January 29, 2011

Living as a Rational

When I worked at a former employer, they administered a Myers Briggs personality test to each of the people in my department.  I came up as an ENTJ.  Back in 2005 when I got my results, I read the short blurb about that kind of person, nodded, and promptly forgot about it.

I've always been drawn to pulling something apart and seeing how it works.  This includes understanding how people tick.
Recently, I've found myself curiously browsing what it means to be each kind of classification.  Something I learned is that there are 4 general archetypes, with 4 sub categories under each.  Being an ENTJ, I'm part of the Rationals.  We are the group who are iNtuitive and Thinking.  So, you have the ENTJ, the INTJ, the ENTP, and the INTP in my peer group.

I was curious about what the most common personality group was.  So, I did some looking.  There are the Guardians, who make up the majority at 40-45% of the population.  There are the Artisans, who are 30-35%, the Idealists who number around 15-20%, and the rarest creatures, the Rationals, who are between 5-10%.  Mama always told me I was one of a kind.  She wasn't far off if the numbers are to be believed.

As a very fictionalized frame of reference, think of the television show Bones.  The squints could largely be seen as a representation of each archetype within the Rationals.  The namesake of the show, Bones, is the ENTJ of the group.  Her former assistant, Zach Addy, is the INTJ. Jack Hodgens is the ENTP.  And while not a perfect match, Dr. Saroyan is the INTP. 

Rationals have to contend with some pretty unflattering perceptions held by the world at large.  We're seen as cold, distant, unfeeling, socially awkward, and sometimes emotionally inappropriate.  We can come off as selfish, self-centered, and self-serving.  We tend to be independent, strong-willed, and driven by our own inner need to conquer any task in front of us. Our even tempers and long fuses make us seem unemotional.  We aren't terribly likely to remember sentimental dates such as birthdays and anniversaries.  Yet, when we do tap into our emotional side, we can react much more intensely than is generally acceptable.  We're seen as "a bit much" in that regard.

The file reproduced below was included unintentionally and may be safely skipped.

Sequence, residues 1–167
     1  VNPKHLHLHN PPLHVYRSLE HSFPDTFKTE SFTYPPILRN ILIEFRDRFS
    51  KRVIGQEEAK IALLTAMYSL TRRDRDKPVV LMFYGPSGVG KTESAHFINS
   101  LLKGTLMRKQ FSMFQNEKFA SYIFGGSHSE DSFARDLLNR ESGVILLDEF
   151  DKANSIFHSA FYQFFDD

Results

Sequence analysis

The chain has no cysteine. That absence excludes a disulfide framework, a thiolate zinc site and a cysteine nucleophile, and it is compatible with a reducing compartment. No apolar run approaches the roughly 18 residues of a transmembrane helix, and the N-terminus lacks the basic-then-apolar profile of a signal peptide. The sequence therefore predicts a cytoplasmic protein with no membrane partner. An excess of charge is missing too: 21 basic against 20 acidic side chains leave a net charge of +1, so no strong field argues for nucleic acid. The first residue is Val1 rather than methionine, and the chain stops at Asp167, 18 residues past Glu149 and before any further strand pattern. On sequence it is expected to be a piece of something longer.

We tend to live life in the long term.  We are most comfortable when our futures aren't in question and we have plenty to occupy us in the short term.  Disturb either of those variables, and the energies that motivate us are diverted away from the constructive into the potentially self-destructive. 

The extroverts among us have to be mindful lest we take our love of problem solving and apply it to people.  We can, if we're not careful, treat people like projects.  Think My Fair Lady and you're not far off. 

Rationals are the least likely to enjoy dating.  While we enjoy puzzles and problem solving, the dating game with its less than concrete rules is, at best annoying, and at worst, a means of making us feel incompetent.  And incompetence is extremely uncomfortable to a Rational thinker.  As a personal addition, I have found that in my own efforts I am either one one end of the spectrum or the other.  I either know that I will dazzle a potential date and will spend the evening charming them to my own ends, or be completely on edge about how I'm perceived.  I am either nonplussed or have heartburn that could dissolve diamonds.  There is rarely a middle ground.

I have also run across several NTs who self-identify as sociopathic, who seem to me to lean more towards the rational than the mentally ill.  In doing just a tiny bit of research, it seems that yes, the cold disregard for others fits.  But many of the other qualities such as lying for sport, parasitic behavior, possessing poor self control and generally not being a go-getter certainly don't. 

In summary, Rationals are just as human and feeling as everyone else.  However, we look to the empirical before the ethereal.  We value knowledge, challenges, and are self-contained.  Speak to us directly and without disguising your intentions as we tend to respond better to that.  There is nothing "wrong" with us.  We just process the world and the people in it a little differently than most.

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